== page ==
Box opens a deal with Big Blue

blue boxBox seems to be signing deals like crazy – first with Redmond and now with Big Blue.

The pair have a cunning plan to cross IBM content management, Watson analytics and IBM Verse and Connections social collaboration tools. Box has a deal with Microsoft over Office 365 for the desktop, Office on iOS and Outlook.

The UK government recently approved the use of Box across Whitehall for all non-sensitive information marked as “official”.

What this means is that Box can cut costs which is important as SaaS players are losing cash.

It is also a sign that IBM is getting more proactive in the deal making arena to enhance its cloud capabilities.

In a statement, IBM senior vice president Bob Picciano said that the integration of IBM and Box technologies, combined with IBM’d global cloud capabilities and the “ability to enrich content with analytics, will help unlock actionable insights for use across the enterprise. So if you want your actionable insights unlocked a Blue Box might be the way forward.

The companies plan to integrate their existing products and services and develop new,” products targeted across industries and professions ranging from medical teams working on complex cases to individuals negotiating consumer loans by mobile phone to engineers and researchers identifying patterns in patents, reports and academic journals.”

We hope that they will work on shortening their sentences in press releases because this one was longer that something issued by Judge Jefferies.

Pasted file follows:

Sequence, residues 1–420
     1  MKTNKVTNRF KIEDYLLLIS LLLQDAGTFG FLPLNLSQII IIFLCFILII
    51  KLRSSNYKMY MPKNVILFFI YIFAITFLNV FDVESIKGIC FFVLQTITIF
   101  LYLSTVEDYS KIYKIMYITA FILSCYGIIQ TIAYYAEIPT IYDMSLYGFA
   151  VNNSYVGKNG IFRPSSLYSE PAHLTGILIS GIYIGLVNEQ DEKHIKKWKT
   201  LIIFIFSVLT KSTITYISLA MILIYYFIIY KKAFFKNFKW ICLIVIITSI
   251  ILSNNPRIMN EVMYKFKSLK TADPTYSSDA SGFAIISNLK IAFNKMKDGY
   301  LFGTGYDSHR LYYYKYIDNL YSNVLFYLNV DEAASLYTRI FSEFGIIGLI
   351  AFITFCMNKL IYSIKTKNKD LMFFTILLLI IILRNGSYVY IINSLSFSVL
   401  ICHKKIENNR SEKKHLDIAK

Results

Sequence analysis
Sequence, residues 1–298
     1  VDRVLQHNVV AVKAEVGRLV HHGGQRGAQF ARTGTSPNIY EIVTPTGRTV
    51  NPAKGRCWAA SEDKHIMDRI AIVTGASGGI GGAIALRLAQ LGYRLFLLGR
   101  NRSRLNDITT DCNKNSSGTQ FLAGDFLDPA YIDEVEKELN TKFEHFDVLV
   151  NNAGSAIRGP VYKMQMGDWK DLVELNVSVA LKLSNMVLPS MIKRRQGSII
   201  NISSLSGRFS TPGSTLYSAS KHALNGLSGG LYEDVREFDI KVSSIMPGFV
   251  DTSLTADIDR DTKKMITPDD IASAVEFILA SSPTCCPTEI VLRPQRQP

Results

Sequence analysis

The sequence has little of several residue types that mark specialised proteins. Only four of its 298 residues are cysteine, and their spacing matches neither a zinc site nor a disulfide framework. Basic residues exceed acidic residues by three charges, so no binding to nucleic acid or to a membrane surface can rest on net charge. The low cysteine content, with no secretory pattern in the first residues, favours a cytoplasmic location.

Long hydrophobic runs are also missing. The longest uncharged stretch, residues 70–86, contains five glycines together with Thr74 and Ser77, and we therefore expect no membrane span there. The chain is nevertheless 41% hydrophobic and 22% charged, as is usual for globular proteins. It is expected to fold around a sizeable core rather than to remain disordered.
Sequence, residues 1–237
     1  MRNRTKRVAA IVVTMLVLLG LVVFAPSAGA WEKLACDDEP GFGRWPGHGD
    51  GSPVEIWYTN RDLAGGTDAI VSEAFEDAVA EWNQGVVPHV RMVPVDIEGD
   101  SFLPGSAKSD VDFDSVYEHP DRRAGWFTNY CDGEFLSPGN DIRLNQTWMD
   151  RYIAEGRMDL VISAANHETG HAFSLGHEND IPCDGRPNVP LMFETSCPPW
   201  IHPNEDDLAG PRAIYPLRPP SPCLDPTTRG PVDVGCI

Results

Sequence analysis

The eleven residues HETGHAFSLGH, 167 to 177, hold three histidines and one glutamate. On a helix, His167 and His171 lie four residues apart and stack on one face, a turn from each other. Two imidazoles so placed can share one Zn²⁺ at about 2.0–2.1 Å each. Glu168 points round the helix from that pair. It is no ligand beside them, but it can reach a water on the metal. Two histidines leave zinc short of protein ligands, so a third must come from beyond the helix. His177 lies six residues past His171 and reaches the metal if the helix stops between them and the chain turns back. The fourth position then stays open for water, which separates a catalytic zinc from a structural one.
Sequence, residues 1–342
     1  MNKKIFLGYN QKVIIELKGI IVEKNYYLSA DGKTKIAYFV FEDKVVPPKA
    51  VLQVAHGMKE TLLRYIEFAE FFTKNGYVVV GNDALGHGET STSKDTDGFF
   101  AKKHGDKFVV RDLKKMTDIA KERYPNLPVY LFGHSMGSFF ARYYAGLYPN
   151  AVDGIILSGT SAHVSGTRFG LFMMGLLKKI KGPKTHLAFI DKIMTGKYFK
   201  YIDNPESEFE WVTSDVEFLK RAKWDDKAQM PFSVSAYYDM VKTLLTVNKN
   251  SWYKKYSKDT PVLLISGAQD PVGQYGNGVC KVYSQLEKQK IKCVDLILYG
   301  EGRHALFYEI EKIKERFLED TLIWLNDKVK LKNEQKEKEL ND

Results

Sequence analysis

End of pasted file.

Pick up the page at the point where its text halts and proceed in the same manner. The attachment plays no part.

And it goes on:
Oracle expands cloud offerings

Tcloudhe troubled Oracle outfit has just told its channel partners that it is extending its cloud offerings in a bid to improve its bottom line and see off competition from Amazon.

Executive Chairman Larry Ellison said in a webcast that he wanted to compete with Amazon.com on price.

This was after announcing that Oracle would offer online storage and capability for customers to run their applications entirely in Oracle’s cloud.

This is all pretty new for Oracle, which is shifting its traditional database and customer relationship management businesses to the cloud.

The only problem is that Amazon Web Services is the market leader, followed by Microsoft’s Azure service and Biggish Blue. Oracle is very late to the party which has gone on without it and reached the stage where people are either too drunk to speak or have coupled off.

Oracle has imaginatively dubbed its cloud platform Oracle Cloud Platform, will provide a cost-effective alternative to Amazon, said Ellison.

“Our new archive storage service goes head-to-head with Amazon Glacier and it’s one-tenth their price,” said Ellison.

Oracle’s cloud business is growing quickly, running at a rate of about $2.3 billion a year in revenue, based on last quarter’s figures. However the rest of the company is not doing so well and reported a surprise fall in profits.

Cloud channel support is slack

Every silver has a cloudy liningThe Cloud Industry Forum has warned cloud customers are not getting the levels of support they need from channel partners when it comes to help migrating to the cloud.

In a report the Forum said that part of the problem is that there are some inexperienced channel players who are yet to really grow into being cloud providers and customers needed to make more careful assessments of potential partners.

Customers were having to deal with the result of poor integration with existing legacy systems and a failure by the partners to thoroughly assess the ability of the user’s network to deliver a stable product.

Overall the CIF findings were positive with 90 percent of customers expressing a positive satisfaction rating and 70 percent of IT buyers expecting to increase their use of cloud in the year ahead.

But since cloud migration is a key part of the whole business it does seem to be that more work needs to be done.